Descriptive Study to Explore Nurse-Patient Videoconferencing Relationships in Oncology Ambulatory Care

“Looking at how the movement toward videoconferencing visits during the COVID-19 pandemic affects the nurse-patient relationship and the capacity to maintain high quality, supportive cancer care is essential…”

A new qualitative study will determine what behaviors, communication techniques, and relational practices are vital in the videoconferencing telehealth era. This study will attempt to explore practical guidelines for relationship building and establishing rapport between patients and oncology nurses through screen-to-screen communication.

Data collection is set to begin in the summer of 2021 and the researchers anticipate results by winter of the same year. Researchers well-versed in qualitative methodology will perform a conventional content analysis using the first--and second-level codes extracted from the transcribed text data.

“A strong and supportive nurse-patient relationship is especially important for persons with cancer,” Paula D. Koppel, MS, RN, GNP-BC, AHN-BC, NBC-HWC and Jennie C De Gagne, PhD, DNP, RN, NPD-BC, CNE, both from Duke University School of Nursing, argue. “Looking at how the movement toward videoconferencing visits during the COVID-19 pandemic affects the nurse-patient relationship and the capacity to maintain high quality, supportive cancer care is essential, given the likelihood that telehealth videoconferencing visits will become an enduring component of cancer care.”

Researchers will conduct a series of semi-structured narrative interviews with both patients with cancer and oncology nurses to facilitate an understanding of rapport building via telehealth videoconferencing. Interviews themselves will be conducted on videoconferencing platforms to abide by COVID-19 safety protocols and restrictions. Nurses and patients will be interviewed separately in order to ensure that insight gained is honest and to allow for comparative analysis of the different perspectives.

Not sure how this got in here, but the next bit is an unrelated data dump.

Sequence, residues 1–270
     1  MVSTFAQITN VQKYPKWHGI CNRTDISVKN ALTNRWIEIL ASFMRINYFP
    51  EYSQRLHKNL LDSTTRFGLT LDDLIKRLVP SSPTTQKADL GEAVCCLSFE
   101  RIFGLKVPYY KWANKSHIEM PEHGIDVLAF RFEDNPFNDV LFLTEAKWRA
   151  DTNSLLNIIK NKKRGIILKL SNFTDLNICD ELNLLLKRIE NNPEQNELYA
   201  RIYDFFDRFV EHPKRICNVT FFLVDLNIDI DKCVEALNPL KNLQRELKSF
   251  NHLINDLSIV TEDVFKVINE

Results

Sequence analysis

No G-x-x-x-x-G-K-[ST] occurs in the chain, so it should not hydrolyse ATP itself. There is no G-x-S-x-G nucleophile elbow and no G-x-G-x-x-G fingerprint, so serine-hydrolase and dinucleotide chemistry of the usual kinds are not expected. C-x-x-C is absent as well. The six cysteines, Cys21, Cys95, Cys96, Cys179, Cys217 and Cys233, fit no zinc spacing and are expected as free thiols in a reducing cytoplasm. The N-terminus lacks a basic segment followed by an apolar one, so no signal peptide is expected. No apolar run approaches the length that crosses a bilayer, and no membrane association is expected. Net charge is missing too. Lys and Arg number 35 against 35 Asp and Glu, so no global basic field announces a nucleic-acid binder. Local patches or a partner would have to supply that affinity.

Recruiting will be conducted at the oncology clinics at the ambulatory care center through a combination of efforts including, but not limited to, nursing staff meeting announcements, web-based postings on message boards, and study brochure distribution. Informal caregivers will be allowed to be included in this process in an effort to reduce the recruitment process burden on patients with cancer.

The study will not discriminate on the basis of age, self-reported gender, identity, race or ethnicity, except for in cases where it is necessary to meet the inclusion and exclusion criteria. While there certainly is legitimate concern regarding the question of laying further burden upon the patients, literature suggests that patients with cancer are often able to find meaning in the disease by participating in such research.

By concentrating exclusively on nurse-patient rapport in oncology-ambulatory settings, this study aims to not only accurately describe but better understand the challenges, barriers and experiences that one faces in these computer-mediated encounters. Such unique barriers might include nurses’ uncertainty regarding patient privacy, a lack of sensory input due to the limited view of peripheral spaces, and full visualization of body language, as well as a lost sense of physical connectedness. One unsurprising challenge reported to have a negative impact on rapport is technological difficulties.

“The nurse’s technological competency is seen as another way of caring. From this vantage point, videoconferencing visits can be a way to maintain human connectedness during the pandemic or even beyond,” the researchers wrote.

This study hopes to create a foundation for developing such interventions and guidelines so as to facilitate smoother screen-conference experiences. Learning to successfully navigate the world of telehealth videoconferences will most likely continue to be vital to nurses as the potential benefits to patients, providers and health care systems indicate that the use of virtual communication will continue to exist even after the pandemic subsides.

Reference

Koppel P, De Gange J, Exploring nurse and patient experiences of developing rapport during oncology ambulatory care videoconferencing videos; protocol for a qualitative study. JMIR Research Protocols. 2021;10(6):1-11 doi:10.2196/27940.